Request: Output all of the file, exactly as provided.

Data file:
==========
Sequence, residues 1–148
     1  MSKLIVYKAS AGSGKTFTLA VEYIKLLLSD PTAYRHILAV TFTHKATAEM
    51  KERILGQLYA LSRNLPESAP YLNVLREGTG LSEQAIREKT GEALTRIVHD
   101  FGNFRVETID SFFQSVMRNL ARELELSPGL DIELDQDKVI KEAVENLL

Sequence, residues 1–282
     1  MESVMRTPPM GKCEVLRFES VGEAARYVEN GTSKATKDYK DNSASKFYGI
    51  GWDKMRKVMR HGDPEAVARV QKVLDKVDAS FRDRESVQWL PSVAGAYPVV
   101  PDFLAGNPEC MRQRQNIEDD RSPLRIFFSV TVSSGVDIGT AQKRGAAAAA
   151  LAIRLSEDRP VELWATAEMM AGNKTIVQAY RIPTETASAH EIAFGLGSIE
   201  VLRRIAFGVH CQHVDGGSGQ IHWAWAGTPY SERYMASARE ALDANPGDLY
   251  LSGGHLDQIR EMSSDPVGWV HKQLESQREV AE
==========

Sequence, residues 1–148
     1  MSKLIVYKAS AGSGKTFTLA VEYIKLLLSD PTAYRHILAV TFTHKATAEM
    51  KERILGQLYA LSRNLPESAP YLNVLREGTG LSEQAIREKT GEALTRIVHD
   101  FGNFRVETID SFFQSVMRNL ARELELSPGL DIELDQDKVI KEAVENLL

Sequence, residues 1–282
     1  MESVMRTPPM GKCEVLRFES VGEAARYVEN GTSKATKDYK DNSASKFYGI
    51  GWDKMRKVMR HGDPEAVARV QKVLDKVDAS FRDRESVQWL PSVAGAYPVV
   101  PDFLAGNPEC MRQRQNIEDD RSPLRIFFSV TVSSGVDIGT AQKRGAAAAA
   151  LAIRLSEDRP VELWATAEMM AGNKTIVQAY RIPTETASAH EIAFGLGSIE
   201  VLRRIAFGVH CQHVDGGSGQ IHWAWAGTPY SERYMASARE ALDANPGDLY
   251  LSGGHLDQIR EMSSDPVGWV HKQLESQREV AE